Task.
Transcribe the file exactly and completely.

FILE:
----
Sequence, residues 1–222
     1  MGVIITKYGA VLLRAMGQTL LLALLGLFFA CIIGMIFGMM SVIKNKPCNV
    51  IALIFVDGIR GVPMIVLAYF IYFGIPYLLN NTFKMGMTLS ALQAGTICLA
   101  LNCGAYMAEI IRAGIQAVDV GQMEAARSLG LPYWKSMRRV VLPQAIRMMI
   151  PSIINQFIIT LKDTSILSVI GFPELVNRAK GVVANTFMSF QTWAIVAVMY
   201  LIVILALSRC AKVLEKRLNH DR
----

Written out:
Sequence, residues 1–222
     1  MGVIITKYGA VLLRAMGQTL LLALLGLFFA CIIGMIFGMM SVIKNKPCNV
    51  IALIFVDGIR GVPMIVLAYF IYFGIPYLLN NTFKMGMTLS ALQAGTICLA
   101  LNCGAYMAEI IRAGIQAVDV GQMEAARSLG LPYWKSMRRV VLPQAIRMMI
   151  PSIINQFIIT LKDTSILSVI GFPELVNRAK GVVANTFMSF QTWAIVAVMY
   201  LIVILALSRC AKVLEKRLNH DR